One of the great things about Johnny Alpha is his family history, which has long been a good breeding ground for the vilest of villains. Chief among them is his father, who attempted to exterminate all of mutantkind on Earth. In this volume he’s joined by his half-brother, who is attempting a power grab in the wake of the kidnapping of King Clarkie II. While not my favorite of the five tales in this volume, it does provide a context for the proceedings that prevents the book from degenerating into a series of non-consequential bounty hunts.
And bounty hunts are what STRONTIUM DOG is all about. There are two absolute corkers in this volume: “The Heady Foot Job” and “Shaggy Dog Story”. Both clock in under 40 pages, which I think is the ideal length for a 2000AD story, whose short installments require almost constant cliff-hangers and unexpected twists. Get much past six parts and it starts getting tedious (unless you’re telling an epic story like “Traitor”). “The Heady Foot Job” starts off as a jail break story then smartly turns into outright farce, and I say smartly because the plot twist is obvious to everyone but a single character and its great fun to watch him get exactly what he deserves. Even better is “Shaggy Dog Story”, which sees our Dogs in pursuit of a Plastic Man wannabe, which is complicated at every turn by the perpetual untruths told by fellow bounty hunter, Shaggy. And if the mid-story trip to a barber doesn’t make you smile, then you’re dead inside.
For anyone curious about STRONTIUM DOG, this is a great volume to check out; not only providing an easy-to-understand history of the character, but showing off a the sort of fun-filled, action-packed stories that made Johnny Alpha the second most popular character in 2000AD’s stable. And to John Wagner who has stated in that he’s doing his best to rectify the mistake he made in killing off Johnny Alpha: mission accomplished.
BATMAN: STREETS OF GOTHAM #2
Writers: Paul Dini with Marc Andreyko Artists: Dustin Nguyen with Georges Jeanty Publisher: DC Comics Reviewed by Humphrey LeeI honestly don't know how it's possible, what with how much he has contributed Bat-Universe wise for lord knows how long now going back through the Animated Series, but it honestly feels like Paul Dini's contribution to Bat-comics has really gone under the radar the past couple years. I assume it's because all he's done has been to tell straightforward detective stories or to write good characterization or reinvigorate shaky villains like he did with Hush and so on that he just hasn't set the internet on fire with his run on DETECTIVE COMICS. How dare he not tell muddled stories involving Bruce Wayne on heroin before executing him in yet another over-hyped Event Comic! Rabble Rabble Rabble! Here we are though, a new Batman, a new title for Dini and his partner in crime Dustin Nguyen to strut their stuff on while playing second fiddle to something more hype friendly. Are they going to continue to just tell boring old character driven stories involving Batman's cavalcade of schizo villains, or will they cave and try and mimic all that is more hyperbolic?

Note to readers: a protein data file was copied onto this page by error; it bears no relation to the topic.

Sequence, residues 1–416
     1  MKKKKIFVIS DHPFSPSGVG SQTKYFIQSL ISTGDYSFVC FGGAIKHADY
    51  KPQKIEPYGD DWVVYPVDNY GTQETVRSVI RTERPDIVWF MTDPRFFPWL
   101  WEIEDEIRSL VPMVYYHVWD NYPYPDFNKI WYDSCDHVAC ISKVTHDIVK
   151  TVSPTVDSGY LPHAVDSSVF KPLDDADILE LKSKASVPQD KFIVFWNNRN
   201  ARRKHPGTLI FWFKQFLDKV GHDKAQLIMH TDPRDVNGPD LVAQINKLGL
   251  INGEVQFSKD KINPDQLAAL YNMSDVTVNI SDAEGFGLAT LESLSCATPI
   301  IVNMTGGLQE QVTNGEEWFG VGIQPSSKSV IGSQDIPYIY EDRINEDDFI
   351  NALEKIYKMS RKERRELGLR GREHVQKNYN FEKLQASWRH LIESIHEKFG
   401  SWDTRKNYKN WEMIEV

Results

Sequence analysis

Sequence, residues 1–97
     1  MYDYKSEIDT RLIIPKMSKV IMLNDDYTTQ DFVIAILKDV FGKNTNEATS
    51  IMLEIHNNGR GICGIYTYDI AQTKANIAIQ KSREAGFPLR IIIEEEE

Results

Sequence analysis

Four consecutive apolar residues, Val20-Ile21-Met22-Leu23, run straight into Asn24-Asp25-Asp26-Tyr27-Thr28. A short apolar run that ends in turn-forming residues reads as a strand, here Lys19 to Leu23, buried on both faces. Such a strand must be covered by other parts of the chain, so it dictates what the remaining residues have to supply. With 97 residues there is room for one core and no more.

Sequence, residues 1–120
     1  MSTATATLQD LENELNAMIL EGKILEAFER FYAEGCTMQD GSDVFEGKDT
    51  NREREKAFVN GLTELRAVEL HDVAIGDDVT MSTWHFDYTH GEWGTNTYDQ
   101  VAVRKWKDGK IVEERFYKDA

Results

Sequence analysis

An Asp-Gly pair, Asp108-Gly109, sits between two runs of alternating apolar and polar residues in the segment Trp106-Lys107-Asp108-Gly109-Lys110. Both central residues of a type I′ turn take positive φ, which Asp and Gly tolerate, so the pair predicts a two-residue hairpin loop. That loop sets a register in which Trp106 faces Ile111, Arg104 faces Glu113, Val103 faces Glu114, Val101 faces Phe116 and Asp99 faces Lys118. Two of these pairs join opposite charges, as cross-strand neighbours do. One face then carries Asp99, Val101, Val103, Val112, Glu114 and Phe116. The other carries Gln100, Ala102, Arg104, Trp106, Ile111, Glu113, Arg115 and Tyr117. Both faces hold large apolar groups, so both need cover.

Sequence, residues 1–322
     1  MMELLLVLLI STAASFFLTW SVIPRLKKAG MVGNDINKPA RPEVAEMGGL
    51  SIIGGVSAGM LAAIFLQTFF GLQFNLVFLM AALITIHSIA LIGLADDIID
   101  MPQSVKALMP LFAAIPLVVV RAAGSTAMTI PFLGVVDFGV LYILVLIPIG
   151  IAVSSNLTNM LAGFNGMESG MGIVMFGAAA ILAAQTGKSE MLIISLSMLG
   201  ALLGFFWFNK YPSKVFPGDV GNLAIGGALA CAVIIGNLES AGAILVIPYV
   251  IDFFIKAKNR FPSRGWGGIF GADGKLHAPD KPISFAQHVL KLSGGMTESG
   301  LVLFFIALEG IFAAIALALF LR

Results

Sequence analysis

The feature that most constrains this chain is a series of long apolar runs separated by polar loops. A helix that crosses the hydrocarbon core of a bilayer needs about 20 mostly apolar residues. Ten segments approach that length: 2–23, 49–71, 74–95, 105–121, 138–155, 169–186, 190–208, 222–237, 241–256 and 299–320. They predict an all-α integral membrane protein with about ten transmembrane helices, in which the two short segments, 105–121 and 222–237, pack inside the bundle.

Nah, they're just going to continue to tell kick ass stories set in the cesspit that is Gotham City, especially a Gotham City that has seen much more activity from its more despicable elements in the wake of BATTLE FOR THE COWL. Now, the first issue was a little bit of a mishmash I think. There was some really good re-invigoration of one of the Bat's sort of mid-tier villains in the Firefly becoming a much bigger and somewhat more disturbing threat, but on the whole I think maybe the issue jumped around the bit. This follow up, though, is a lot tighter. The new team of Batman and Robin are a lot more in the mix which focuses the chaos better as it hones in on the chaos that torchy one let loose on the city at the end of last month's tale. Stakes become higher all around as lots of other players start pulling themselves into the mix, lots of dangerous individuals as Black Mask and Zsasz show up during Firefly's antics, and Hush, now fully decked out as Bruce Wayne mind you, escapes to knock things way more over on the hellacious side.
The main thing that I think I like this book for is that it's more willing to jump into the fray than the others now that "Batman: Reborn" is in effect. Since both Morrison's pet project and BATMAN itself are running more emotionally right now, and understandably so given the circumstances, I just like that at least one of the books is taking the time to realize that the city of Gotham is hell in a hand basket right now from all the usual players and isn't calming down anytime soon. And as we all know, Dini's grasp on the Bat's Rogue Gallery is honestly probably second to none out of everyone working on one of these books right now. He's just that good at piling on the mess that is now Dick Grayson's life now that the city is under his protection. Sure, I wouldn't mind a quiet moment of reflection thrown in there from time to time to show how Dick is getting through this period of his life without Bruce, but BATMAN & ROBIN, despite my reservations about Morrison's previous Bat work, is doing a bang up job in that regard, so why use more panel time on it here unless it really is necessary to drive home a plot thread or deepen a particular moment? If this book is to be the "All Ass-Kicking Extravaganza" then so be it. I can't think of a better team for it given what Dini and Nguyen were outputting before this mass relaunch of the Bat-verse.